Fed­eral Re­serve’s ac­tion a re­sponse to strength­en­ing econ­omy

The Denver Post - - FRONT PAGE - By Martin Crutsinger

wash­ing­ton» The Fed­eral Re­serve has raised a key in­ter­est rate in re­sponse to a strength­en­ing U.S. econ­omy and ex­pec­ta­tions of higher in­fla­tion, and it fore­sees three more rate hikes in 2017.

The Fed’s move will mean mod­estly higher rates on some loans.

Wed­nes­day’s ac­tion sig­naled the Fed’s be­lief that the U.S. econ­omy has im­proved over the past year af­ter a rough start to 2016 and can with­stand slightly higher bor­row­ing rates. Its ex­pec­ta­tion of three rate in­creases in 2017 is up from the two it fore­cast three months ago.

The Fed said in a state­ment af­ter its lat­est pol­icy meet­ing that it’s rais­ing its bench­mark rate by a quar­ter-point to a still-low range of 0.5 per­cent to 0.75 per­cent. The Fed last raised the rate last De­cem­ber from a record low near zero set dur­ing the 2008 fi­nan­cial cri­sis.

The Fed’s move, only the sec­ond rate hike in the past decade, came on a unan­i­mous 10-0 vote. It also re­leased an up­dated eco­nomic fore­cast that showed mod­est changes to its out­look for eco­nomic growth, un­em­ploy­ment and in­fla­tion, mainly to take ac­count of a stronger econ­omy and a drop in the un­em­ploy­ment rate for Novem­ber to a nine-year low of 4.6 per­cent.

James Marple, se­nior econ­o­mist at TDBank, said the Fed’s fore­cast of a third rate in­crease next year was the “only real sur­prise” Wed­nes­day.

“The move up is a sig­nal that the Fed has be­come more confident in the eco­nomic out­look and that in­fla­tion will in­creas­ingly track closer to the 2 per­cent tar­get,” Marple said.

The Fed’s rate hike should have lit­tle ef­fect on mort­gages or auto and stu­dent loans. The cen­tral bank doesn’t di­rectly af­fect those rates, at least not in the short run. But rates on some other loans — no­tably credit cards, home eq­uity loans and ad­justable-rate mort­gages — will likely rise soon, though only mod­estly. Those rates are based on bench­marks like banks’ prime rate, which moves in tan­dem with the Fed’s key rate.

“This sin­gle quar­ter-point move in in­ter­est rates will go largely un­no­ticed at the house­hold level, but cou­pled with last year’s hike, the cu­mu­la­tive ef­fect could mount quickly if the Fed quick­ens the pace of rate hikes in 2017,” said Greg McBride, Bankrate.com’s

chief fi­nan­cial an­a­lyst.

Af­ter the Fed’s an­nounce­ment, sev­eral ma­jor banks an­nounced that they were rais­ing their prime lend­ing rate from 3.50 per­cent to 3.75 per­cent. The prime rate is a bench­mark for some types of con­sumer loans such as home eq­uity loans. BB&T and Cit­i­group were among the banks to an­nounce the in­crease.

Mort­gage rates have been surg­ing since Don­ald Trump’s pres­i­den­tial vic­tory last month on ex­pec­ta­tions that his pro­gram of dereg­u­la­tion, tax cuts and in­creased spend­ing on in­fra­struc­ture would ac­cel­er­ate eco­nomic growth and in­fla­tion.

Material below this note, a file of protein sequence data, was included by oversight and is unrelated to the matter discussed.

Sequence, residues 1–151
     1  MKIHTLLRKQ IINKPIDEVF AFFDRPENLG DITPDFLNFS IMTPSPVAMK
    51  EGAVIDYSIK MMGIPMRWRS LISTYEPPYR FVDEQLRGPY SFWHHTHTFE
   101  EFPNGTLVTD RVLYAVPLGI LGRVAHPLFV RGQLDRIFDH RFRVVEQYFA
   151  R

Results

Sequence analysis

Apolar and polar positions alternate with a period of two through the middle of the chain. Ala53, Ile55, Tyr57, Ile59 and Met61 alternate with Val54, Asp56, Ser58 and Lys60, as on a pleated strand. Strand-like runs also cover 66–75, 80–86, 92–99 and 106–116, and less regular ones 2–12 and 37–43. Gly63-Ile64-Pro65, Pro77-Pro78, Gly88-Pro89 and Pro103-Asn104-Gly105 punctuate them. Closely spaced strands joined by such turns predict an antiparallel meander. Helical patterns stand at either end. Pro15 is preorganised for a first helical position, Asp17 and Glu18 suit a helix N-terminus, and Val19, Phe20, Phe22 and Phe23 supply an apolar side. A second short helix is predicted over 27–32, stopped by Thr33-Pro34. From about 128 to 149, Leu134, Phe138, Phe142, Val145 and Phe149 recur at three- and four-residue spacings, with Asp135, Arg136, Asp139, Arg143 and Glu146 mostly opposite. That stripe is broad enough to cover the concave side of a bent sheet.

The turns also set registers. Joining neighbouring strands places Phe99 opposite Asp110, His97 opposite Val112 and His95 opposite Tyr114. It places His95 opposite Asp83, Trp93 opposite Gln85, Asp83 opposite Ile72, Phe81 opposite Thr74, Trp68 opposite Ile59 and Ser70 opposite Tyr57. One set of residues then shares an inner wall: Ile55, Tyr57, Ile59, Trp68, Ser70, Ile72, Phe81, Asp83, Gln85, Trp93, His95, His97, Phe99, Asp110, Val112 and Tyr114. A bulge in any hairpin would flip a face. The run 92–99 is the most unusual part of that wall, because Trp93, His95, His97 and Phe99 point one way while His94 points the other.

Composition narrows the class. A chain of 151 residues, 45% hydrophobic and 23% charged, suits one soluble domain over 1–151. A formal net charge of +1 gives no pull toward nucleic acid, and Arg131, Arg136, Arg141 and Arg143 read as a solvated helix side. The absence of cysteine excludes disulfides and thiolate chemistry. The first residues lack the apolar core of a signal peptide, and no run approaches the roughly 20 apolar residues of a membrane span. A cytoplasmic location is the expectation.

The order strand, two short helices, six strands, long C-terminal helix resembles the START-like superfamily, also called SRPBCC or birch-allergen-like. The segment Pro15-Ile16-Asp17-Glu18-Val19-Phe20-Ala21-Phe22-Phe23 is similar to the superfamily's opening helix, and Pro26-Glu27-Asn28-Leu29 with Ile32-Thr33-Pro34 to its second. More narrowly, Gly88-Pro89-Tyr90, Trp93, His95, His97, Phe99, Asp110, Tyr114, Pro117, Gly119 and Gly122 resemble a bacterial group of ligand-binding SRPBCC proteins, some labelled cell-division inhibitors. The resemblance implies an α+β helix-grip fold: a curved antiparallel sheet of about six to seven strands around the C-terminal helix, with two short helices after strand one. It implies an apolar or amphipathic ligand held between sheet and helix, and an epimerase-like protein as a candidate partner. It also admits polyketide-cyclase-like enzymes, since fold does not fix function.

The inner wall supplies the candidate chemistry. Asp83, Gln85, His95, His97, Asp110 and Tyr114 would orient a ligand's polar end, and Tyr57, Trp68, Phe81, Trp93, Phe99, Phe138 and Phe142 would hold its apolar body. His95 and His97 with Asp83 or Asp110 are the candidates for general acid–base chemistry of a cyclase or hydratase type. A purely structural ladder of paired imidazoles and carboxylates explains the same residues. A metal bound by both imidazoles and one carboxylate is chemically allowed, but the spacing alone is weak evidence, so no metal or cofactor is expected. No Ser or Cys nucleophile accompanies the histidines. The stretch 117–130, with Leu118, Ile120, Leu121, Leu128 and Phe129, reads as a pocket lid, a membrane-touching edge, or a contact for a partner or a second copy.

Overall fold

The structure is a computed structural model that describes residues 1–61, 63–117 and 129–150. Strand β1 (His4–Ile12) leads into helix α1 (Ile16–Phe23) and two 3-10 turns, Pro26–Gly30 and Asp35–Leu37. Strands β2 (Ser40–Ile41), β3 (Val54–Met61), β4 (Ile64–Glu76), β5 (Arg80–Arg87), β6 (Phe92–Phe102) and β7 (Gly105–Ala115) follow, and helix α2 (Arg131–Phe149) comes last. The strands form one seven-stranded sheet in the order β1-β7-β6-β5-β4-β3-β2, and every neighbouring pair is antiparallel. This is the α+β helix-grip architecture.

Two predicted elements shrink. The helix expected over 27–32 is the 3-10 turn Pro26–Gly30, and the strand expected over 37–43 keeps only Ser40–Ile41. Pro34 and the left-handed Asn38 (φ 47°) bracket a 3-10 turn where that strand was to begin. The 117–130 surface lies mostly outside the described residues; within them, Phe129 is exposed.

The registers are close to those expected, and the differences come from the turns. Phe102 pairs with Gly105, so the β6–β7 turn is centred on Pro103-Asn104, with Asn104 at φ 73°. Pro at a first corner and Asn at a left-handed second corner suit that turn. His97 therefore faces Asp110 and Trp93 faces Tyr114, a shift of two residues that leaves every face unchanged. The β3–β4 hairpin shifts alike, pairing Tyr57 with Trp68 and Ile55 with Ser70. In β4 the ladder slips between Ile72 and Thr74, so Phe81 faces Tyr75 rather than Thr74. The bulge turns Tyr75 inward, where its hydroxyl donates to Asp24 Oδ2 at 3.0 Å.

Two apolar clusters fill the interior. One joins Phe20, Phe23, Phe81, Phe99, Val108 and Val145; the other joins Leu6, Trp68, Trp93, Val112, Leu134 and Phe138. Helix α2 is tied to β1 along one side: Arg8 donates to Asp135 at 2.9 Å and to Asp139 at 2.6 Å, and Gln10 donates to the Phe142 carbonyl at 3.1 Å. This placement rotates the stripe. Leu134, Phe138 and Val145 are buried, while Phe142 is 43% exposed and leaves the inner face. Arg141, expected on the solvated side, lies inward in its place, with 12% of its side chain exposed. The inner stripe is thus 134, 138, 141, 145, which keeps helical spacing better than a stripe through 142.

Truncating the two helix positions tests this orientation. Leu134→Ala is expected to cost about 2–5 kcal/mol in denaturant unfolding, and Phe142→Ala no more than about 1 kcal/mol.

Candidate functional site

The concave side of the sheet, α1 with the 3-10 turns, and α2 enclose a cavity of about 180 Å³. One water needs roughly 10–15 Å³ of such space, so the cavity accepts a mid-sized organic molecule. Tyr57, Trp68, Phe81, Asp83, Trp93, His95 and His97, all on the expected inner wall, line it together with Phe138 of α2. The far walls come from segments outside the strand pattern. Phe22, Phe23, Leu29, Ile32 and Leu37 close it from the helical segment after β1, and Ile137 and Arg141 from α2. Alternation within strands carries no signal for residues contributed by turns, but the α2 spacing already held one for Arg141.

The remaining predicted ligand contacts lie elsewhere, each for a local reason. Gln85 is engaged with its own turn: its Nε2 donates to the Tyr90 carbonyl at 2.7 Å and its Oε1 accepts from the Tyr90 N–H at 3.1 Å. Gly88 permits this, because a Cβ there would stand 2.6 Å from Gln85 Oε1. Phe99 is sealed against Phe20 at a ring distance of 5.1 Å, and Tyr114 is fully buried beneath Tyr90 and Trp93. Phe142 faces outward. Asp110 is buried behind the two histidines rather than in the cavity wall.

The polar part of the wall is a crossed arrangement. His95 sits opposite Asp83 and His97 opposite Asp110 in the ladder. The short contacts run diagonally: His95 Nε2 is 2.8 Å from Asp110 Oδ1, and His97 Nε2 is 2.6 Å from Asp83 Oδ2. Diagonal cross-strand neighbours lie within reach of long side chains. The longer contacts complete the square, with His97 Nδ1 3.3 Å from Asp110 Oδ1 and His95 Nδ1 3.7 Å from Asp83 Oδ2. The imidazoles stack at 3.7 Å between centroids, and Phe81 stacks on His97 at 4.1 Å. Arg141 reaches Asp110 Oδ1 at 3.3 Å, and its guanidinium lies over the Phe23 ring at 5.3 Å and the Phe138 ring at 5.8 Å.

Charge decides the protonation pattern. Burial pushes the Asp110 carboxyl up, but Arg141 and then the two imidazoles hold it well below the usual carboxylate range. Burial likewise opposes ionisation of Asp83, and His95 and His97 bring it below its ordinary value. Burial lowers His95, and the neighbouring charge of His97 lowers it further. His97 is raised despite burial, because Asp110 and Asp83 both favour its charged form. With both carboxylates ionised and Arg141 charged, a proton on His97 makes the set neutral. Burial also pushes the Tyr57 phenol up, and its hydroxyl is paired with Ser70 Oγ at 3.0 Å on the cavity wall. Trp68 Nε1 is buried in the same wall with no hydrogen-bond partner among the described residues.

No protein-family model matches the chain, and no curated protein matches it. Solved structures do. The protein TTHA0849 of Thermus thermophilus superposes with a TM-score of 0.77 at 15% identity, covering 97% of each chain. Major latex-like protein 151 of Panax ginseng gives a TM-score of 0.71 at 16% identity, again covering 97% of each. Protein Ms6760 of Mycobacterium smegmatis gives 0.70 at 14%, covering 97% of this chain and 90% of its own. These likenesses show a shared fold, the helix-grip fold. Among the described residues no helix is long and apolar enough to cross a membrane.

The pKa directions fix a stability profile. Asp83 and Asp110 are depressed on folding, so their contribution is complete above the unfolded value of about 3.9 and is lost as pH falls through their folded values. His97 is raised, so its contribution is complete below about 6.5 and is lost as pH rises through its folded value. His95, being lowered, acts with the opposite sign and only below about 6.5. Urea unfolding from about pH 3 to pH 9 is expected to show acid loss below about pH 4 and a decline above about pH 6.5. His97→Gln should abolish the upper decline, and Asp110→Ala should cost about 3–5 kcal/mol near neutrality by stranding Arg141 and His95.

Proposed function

At a news con­fer­ence, Fed Chair Janet Yellen said she didn’t think the econ­omy needed stim­u­lus from Trump’s spend­ing plan — the kind of fis­cal sup­port that both Yellen and her Fed pre­de­ces­sor, Ben Ber­nanke, had called for in the past.

Yellen said such poli­cies would be un­likely to max­i­mize em­ploy­ment, since the un­em­ploy­ment rate is now slightly be­low the Fed’s own long-term tar­get.

“I be­lieve my pre­de­ces­sor and I called for fis­cal stim­u­lus when the un­em­ploy­ment rate was sub­stan­tially higher than it is now,” she said.

She stressed she was not pro­vid­ing ad­vice or guid­ance to the in­com­ing Trump ad­min­is­tra­tion. She also down­played any ex­pec­ta­tions that Trump’s eco­nomic pro­gram could lead to faster rate hikes as a re­sult of from higher growth and in­fla­tion.

Yellen at­trib­uted the Fed’s higher num­ber of es­ti­mated rate hikes for 2017 to a lower un­em­ploy­ment rate and pos­si­bly some changes in fed­eral bud­get pol­icy be­gin­ning next year. But she em­pha­sized that any changes to the Fed’s pro­jec­tions were “mod­est.”

“This is a very mod­est ad­just­ment in the path of the fed­eral funds rate,” she said.

The Fed’s new pro­jec­tions have the un­em­ploy­ment rate dip­ping to 4.5 per­cent by the end of 2017 and re­main­ing at that level in 2018. It fore­sees eco­nomic growth reach­ing 1.9 per­cent this year and 2.1 per­cent in 2017.

That’s slightly more op­ti­mistic than the Fed pro­jected in Septem­ber.

The cen­tral bank kept its long-term es­ti­mate for eco­nomic growth at 1.8 per­cent, far be­low the 4 per­cent pace that Trump has said he can achieve with his eco­nomic pro­gram.

Over­all, the Fed’s pol­icy state­ment showed mod­est changes in word­ing from the pre­vi­ous meet­ing. It said “eco­nomic ac­tiv­ity has been ex­pand­ing at a mod­er­ate pace since mid-year” helped along by solid job growth. And it noted that in­fla­tion ex­pec­ta­tions “have moved up con­sid­er­ably but still are low.”

Trump’s plans for tax cuts and in­fra­struc­ture spend­ing have led in­vestors to ex­pect that in­fla­tion will pick up in com­ing months.

The econ­omy, af­ter grow­ing at an ane­mic an­nual rate of 1.1 per­cent in the first half of this year, ac­cel­er­ated to a 3.2 per­cent pace in the July-Septem­ber quar­ter. That pickup has lifted hopes that the econ­omy will keep ris­ing, fu­eled by steady hir­ing gains.

Saul Loeb, AFP/Getty Im­ages

Fed­eral Re­serve Chair Janet Yellen speaks at a news con­fer­ence in Wash­ing­ton, D.C., af­ter Wed­nes­day’s an­nounce­ment that in­ter­est rates will rise.

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